Are you familiar with the Greek myth of Daedalus and Icarus? Father and son were held prisoner on the island of Crete and since Crete’s ruler, King Minos, controlled the land and sea routes, Daedalus built artificial wings for himself and his son in order to flee. Before take-off, Daedalus warned Icarus not to fly too high, because the sun would melt the wax that held the wings together, nor too low, because the sea foam would soak the feathers. Once in the air, Icarus, exhilarated by the experience of flying, forgot his father’s warning and soared higher and higher. The heat of the sun melt the wax, the wings fell apart and Icarus drowned in the Aegean Sea.
Whenever I hear the first movement of Sergei Prokofiev’s Piano Concerto No. 3 in C major, I must think of Icarus and his fate. You can fly, but respect your limits. If you trespass a certain red line, you will meet a tragic end. Prokofiev would learn this lesson too. While he stayed outside the Russian Empire and the newly born Soviet Union, he could explore any compositional fantasy he wanted. After his return to the Soviet Union, the limits were set by the official cultural doctrine of “Socialist Realism”.
Old world meets new world
Prokofiev started to put to paper the first sketches for his Piano Concerto No. 3 in 1913, he revisited those sketches in 1916/17, interrupted the work again. He finished the score in 1921; the premiere took place on 16 December 1921 in Chicago with the Chicago Symphony Orchestra and the composer playing the solo part. The recording I have explored has been produced by the Berlin Philharmonic Orchestra, conducted by Claudio Abbado, and the pianist Evgeny Kissin.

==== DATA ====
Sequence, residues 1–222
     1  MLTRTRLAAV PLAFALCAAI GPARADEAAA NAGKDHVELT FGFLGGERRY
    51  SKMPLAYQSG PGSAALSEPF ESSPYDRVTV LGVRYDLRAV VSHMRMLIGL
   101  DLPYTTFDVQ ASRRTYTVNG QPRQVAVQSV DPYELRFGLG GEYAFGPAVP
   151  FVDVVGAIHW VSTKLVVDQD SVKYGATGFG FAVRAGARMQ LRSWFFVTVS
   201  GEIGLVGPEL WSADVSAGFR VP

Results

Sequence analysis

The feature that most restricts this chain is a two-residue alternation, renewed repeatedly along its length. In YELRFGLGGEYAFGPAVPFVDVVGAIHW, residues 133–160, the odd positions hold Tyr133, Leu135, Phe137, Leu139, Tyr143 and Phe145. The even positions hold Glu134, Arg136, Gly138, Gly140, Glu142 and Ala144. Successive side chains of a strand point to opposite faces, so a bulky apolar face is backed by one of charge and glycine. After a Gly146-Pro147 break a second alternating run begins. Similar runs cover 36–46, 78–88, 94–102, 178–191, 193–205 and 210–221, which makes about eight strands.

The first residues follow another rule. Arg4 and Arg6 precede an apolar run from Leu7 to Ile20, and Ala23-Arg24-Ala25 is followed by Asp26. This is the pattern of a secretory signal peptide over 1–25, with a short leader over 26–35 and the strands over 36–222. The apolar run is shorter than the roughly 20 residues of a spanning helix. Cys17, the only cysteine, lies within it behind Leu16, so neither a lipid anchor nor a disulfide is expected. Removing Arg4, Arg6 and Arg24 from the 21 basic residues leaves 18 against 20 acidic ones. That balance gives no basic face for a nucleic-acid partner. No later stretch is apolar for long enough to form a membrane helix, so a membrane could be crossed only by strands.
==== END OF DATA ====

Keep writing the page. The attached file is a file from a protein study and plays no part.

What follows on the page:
The piece illustrates the new roads that Russian and French composers were taking: the influence of French Impressionism in painting and the idea of “luminous” music fixing a momentarily impression or emotion, the influence of American jazz music, the lessons learnt from Sergei Diaghilev’s Ballets Russes in Paris, an overall modern touch, embracing atonality, broken melodies, overcoming the traditional sonata form.
White keys only
Laurel Fay, author of a riveting biography of Dmitry Shostatkovich, explains that “in 1916-17 [Prokofiev] had toyed with the idea of writing a ‘white-key’ string quartet, music that can be played using only the white keys on the piano. Two themes for the finale of his concerto were retrieved from this project.” She praises “the powers of invention and the felicitous balance of signature elements of Prokofiev’s style – irrepressible rhythmic energy, a steely percussive edge, flashes of impish wit, a vivid orchestral palette, and a warm lyrical impulse.” Every bar exudes the feeling that the world belongs to the youth.
While Prokofiev was about to finish the concerto in his summer residence in Brittany, he socialized with the Russian symbolist poet Konstantin Balmont (1867-1942), who stayed nearby. After he had introduced the writer to his concerto, Balmont wrote these lines:
Prokofiev! Music and youth in bloom,
In you, the orchestra yearned for resonant summer
And the invincible Scythian strikes the tambourine of the sun.
© Charles Thibo
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